Coffee, it would seem, is really good for you. Except when it isn’t.
I got to thinking about this last night when I was reading an article in Outside magazine that was talking about a study on coffee. For years, some athletes and trainers have insisted that the diuretic properties of coffee can lead to dehydration before a workout. I never let this deter me, as I would be a mess if I tried to ride a mountain bike trail in the morning without the benefits of caffeine on my reflexes.
Now, a study has come out that says it’s OK to have some coffee before a workout; coffee is no more of a diuretic than water. So coffee is good for you.
While there have been several studies done that show caffeine is a mild diuretic, there is no evidence that exercise, when combined with the consumption of caffeine or caffeinated beverages, will result in chronic dehydration, and this is contrary to the advice of most exercise physiologists, physicians and dietitians.
Unless you’re pregnant. If you’re pregnant, drinking more than three cups a day can double your risk of miscarriage. So coffee is bad for you, especially for women.
The results seem to show an increased risk of foetal death from increased coffee consumption in pregnancy. Pregnant women may want to review the amount of coffee they drink.
Unless you’re a women who worries about high blood pressure. Studies now show that women who drink four or more cups of coffee a day are less likely to develop high blood pressure than women who don’t. Coffee is good for you, especially for women.
There was even some evidence [that] women who drank lots of coffee - four or more daily cups of regular or decaf - faced a slightly lower risk for developing high blood pressure than those who drank little or none.
Unless you drink decaf. Apparently, it’s not the caffeine that’s bad for you. Drinking decaf can lead to a rise in harmful cholesterol, and cause heart disease. So, coffee is bad for you, especially if you drink decaf.
Contrary to what people have thought for many years, I believe it's not caffeinated but decaffeinated coffee that might promote heart disease risk factors.
Unless you want to boost anti-oxidants. Studies are now showing that all coffee, including decaf, is our number one source of anti-oxidants, which can fight cancer and diabetes. It’s not necessarily the best source, but it is high enough in anti-oxidants that it’s where we get most of ours. So coffee is good for you.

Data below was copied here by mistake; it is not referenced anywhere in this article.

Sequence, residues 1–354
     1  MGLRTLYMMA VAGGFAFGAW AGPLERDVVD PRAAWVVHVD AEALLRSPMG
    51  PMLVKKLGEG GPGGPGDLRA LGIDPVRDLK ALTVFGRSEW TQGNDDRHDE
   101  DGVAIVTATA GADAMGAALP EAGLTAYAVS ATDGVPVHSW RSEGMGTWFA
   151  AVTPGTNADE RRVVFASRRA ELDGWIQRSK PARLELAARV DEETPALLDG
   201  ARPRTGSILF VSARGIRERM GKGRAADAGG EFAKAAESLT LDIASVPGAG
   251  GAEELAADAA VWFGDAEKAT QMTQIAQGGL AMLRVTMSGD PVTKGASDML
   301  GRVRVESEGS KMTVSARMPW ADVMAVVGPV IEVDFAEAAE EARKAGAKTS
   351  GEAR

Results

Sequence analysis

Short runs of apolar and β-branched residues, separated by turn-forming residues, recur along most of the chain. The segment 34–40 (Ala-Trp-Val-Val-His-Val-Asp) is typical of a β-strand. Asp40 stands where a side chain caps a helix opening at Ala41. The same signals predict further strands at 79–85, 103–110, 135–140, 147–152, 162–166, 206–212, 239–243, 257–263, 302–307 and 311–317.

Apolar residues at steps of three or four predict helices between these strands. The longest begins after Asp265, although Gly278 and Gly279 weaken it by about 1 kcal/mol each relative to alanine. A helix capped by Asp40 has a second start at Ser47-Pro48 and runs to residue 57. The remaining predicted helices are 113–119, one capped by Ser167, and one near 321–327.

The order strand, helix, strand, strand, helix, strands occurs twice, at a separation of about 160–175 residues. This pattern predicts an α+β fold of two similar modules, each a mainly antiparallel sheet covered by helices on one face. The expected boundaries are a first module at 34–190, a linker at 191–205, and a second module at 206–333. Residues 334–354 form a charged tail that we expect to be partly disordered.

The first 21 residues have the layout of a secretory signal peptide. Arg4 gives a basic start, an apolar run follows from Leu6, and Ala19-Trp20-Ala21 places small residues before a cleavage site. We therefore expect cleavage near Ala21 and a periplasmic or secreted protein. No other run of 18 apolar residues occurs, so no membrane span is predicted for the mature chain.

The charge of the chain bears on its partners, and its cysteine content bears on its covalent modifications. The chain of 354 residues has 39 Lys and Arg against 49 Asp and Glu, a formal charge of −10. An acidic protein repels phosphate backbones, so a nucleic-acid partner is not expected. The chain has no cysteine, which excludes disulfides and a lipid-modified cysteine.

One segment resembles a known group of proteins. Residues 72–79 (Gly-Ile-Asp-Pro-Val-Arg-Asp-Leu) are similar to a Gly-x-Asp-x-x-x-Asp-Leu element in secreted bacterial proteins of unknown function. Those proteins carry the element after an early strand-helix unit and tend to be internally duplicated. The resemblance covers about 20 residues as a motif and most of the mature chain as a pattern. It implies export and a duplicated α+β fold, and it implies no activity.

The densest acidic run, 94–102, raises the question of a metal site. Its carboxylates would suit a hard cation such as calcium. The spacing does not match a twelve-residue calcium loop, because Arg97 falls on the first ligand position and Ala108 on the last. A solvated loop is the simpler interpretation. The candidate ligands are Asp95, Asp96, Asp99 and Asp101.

All coffee, whether a shot of espresso, a paper cup of Colombian laced with half-and-half, or an after-dinner decaf, is rich in anti-oxidants, which are also found in vegetables, fruits, tea and red wine.
What gives? Coffee, like alcohol, has been praised and vilified by various scientific studies forever. Why can’t we make up our mind?
Is it economic? It could be; coffee is the second-most traded commodity in the world, after oil. Over six million metric tons of coffee are produced each year. If it was truly found to be bad, it could be devastating to the industry. I mean, look how everyone quit smoking when it was discovered to bad, and the way we all stopped driving when we realized how we were polluting the environment.
Is it the fun police? Hot coffee was created by the Arabs in 1,000AD. When it reached Rome, the Catholic Church denounced it as the devil’s drink, Satan’s gift to the Moslem infidels. It wasn’t until Pope Clement VIII tasted coffee in the late 1500’s that it was decided to be too good to be bad. The Pope blessed the coffee, and it was then approved. Perhaps bastions of Christianity still frown upon coffee, and would like to cleanse their congregations of it. Stranger things have happened.
Regardless of the reasons, and regardless of whether coffee is good or bad for you, one thing is true; coffee tastes good. It makes me feel good. I have a cup every morning during the week, and half a pot each morning on the weekend. This won’t stop, regardless of what the next new study says.
In fact, all this talk of coffee makes me want to go find another cup right now.
The fun facts on the history of coffee came from here.